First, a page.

He added that Iran provided the capabilities for the missile, which was fired from Yemen by Shia Houthi militias.
“What we have seen, clearly from the results of the ballistic missile attacks, that there have been Iranian markings on those missiles, that’s been demonstrated,” Harrigian said.
“To me that connects the dots to Iran in terms of who’s providing those missiles and that capability.”
The missile was shot down on Nov. 4 near Riyadh’s international airport. Saudi investigators examining the remains of the rocket found evidence proving “the role of the Iranian regime in manufacturing them.”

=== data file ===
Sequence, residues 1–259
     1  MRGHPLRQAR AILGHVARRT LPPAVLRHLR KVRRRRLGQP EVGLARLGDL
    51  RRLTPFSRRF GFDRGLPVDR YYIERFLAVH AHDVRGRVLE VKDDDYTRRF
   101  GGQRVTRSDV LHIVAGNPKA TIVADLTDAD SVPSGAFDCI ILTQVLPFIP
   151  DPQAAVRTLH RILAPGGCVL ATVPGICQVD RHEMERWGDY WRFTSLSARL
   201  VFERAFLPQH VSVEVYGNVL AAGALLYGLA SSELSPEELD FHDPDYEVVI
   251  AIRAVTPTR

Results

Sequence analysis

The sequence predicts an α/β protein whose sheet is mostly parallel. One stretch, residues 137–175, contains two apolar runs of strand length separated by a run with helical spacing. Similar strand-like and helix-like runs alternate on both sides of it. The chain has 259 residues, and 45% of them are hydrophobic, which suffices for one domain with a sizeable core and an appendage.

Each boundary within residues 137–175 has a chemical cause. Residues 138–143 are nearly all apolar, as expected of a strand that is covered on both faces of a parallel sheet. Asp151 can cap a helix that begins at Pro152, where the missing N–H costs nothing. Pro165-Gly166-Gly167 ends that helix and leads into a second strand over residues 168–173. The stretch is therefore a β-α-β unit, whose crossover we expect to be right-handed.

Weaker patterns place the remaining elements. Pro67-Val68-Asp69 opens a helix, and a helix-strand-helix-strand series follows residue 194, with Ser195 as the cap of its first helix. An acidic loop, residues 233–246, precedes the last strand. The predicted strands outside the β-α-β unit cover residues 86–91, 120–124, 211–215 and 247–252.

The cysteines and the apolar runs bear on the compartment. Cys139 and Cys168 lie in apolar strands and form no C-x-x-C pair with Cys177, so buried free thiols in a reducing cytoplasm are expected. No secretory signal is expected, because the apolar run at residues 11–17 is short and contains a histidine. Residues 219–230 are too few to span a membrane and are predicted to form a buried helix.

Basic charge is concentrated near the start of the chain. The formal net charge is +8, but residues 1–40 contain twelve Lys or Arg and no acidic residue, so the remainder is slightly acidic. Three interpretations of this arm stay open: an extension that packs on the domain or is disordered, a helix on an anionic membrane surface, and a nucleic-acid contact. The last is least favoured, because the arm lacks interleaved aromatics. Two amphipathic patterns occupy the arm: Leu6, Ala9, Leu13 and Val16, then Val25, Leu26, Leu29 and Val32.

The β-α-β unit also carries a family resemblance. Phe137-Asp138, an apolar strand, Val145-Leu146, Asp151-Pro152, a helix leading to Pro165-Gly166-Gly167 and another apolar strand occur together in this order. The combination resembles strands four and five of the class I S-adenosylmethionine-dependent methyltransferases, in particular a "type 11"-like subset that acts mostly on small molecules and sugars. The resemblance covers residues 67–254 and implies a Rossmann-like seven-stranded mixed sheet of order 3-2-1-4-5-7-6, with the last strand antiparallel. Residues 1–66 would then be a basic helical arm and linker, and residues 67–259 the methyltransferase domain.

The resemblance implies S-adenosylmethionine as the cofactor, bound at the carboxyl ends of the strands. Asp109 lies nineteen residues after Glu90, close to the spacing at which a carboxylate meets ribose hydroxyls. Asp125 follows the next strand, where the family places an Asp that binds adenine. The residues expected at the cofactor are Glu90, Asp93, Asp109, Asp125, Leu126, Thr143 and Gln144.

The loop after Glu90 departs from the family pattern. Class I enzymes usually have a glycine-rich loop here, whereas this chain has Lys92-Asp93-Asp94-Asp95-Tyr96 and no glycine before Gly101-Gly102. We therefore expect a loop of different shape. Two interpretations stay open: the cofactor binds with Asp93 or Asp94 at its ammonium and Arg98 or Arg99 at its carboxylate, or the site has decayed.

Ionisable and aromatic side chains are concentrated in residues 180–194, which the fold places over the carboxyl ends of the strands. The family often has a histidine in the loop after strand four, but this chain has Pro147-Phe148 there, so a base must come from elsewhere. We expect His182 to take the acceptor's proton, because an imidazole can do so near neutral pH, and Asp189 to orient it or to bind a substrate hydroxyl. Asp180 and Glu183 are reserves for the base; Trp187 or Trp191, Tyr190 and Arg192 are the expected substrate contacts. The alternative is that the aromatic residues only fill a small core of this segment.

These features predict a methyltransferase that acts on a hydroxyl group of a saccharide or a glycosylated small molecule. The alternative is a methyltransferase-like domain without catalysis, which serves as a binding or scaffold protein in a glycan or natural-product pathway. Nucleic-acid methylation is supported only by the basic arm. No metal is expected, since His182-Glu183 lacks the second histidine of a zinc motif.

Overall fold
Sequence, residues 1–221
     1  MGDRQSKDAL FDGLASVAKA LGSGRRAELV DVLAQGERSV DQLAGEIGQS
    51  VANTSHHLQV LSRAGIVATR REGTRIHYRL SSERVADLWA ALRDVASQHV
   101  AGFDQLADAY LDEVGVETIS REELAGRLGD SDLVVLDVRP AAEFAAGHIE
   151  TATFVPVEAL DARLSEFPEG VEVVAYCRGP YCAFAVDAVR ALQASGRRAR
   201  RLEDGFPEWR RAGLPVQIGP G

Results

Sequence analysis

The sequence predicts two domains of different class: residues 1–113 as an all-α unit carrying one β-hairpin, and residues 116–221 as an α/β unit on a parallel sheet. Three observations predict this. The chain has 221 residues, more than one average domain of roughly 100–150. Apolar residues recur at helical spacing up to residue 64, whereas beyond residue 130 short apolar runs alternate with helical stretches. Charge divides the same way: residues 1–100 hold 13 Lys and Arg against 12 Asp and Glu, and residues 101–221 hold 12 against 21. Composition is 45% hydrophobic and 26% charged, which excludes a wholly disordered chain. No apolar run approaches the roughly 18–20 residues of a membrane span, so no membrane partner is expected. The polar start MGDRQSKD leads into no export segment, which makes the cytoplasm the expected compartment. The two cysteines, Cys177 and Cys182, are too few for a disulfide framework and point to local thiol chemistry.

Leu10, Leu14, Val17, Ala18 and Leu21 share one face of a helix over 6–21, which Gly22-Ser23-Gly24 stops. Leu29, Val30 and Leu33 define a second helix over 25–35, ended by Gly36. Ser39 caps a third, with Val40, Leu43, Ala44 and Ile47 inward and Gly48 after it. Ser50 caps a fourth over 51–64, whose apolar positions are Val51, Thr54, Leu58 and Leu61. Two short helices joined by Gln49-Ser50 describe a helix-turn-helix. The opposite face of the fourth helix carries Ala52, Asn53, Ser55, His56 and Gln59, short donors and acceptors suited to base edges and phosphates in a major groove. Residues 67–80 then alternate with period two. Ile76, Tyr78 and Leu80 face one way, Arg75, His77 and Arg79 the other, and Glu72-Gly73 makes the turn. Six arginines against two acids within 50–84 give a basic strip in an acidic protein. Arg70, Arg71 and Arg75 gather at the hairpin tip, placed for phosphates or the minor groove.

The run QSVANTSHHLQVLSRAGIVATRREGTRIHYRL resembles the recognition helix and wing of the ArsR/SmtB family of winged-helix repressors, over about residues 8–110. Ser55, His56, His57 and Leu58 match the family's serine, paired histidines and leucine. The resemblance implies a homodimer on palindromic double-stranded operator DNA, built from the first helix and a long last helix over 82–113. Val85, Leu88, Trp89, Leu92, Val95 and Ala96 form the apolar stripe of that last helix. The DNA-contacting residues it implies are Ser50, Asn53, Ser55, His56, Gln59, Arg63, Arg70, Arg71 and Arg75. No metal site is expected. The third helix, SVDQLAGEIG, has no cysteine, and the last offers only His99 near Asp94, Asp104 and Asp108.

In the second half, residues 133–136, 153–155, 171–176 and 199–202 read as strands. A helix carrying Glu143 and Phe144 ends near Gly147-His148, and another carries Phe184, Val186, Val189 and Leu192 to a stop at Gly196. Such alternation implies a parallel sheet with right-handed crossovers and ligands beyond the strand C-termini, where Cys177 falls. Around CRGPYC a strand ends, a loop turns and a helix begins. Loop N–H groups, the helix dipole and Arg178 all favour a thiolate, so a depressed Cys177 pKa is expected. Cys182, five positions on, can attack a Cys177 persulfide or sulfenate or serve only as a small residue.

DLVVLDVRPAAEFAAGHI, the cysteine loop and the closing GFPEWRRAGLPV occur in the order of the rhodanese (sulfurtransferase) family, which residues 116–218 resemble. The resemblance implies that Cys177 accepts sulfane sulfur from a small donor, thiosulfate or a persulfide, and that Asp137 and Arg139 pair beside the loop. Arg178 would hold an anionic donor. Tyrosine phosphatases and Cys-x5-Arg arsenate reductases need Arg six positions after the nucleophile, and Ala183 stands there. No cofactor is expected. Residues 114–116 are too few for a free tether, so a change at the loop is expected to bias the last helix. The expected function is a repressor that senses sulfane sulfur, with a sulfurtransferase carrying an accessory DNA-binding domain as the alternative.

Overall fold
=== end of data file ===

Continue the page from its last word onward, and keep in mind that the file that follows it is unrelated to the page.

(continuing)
Nikki Haley, the US ambassador to the UN, said in a statement on Tuesday that a missile launch in July involved an Iranian Qiam-1, a liquid-fueled, short-range Scud missile variant.
Early this month, Saudi air defense forces intercepted a ballistic missile fired from Yemen over the capital Riyadh, the state news agency had reported. The missile was brought down near King Khaled Airport on the northern outskirts of the city and did not cause casualties, the reports said.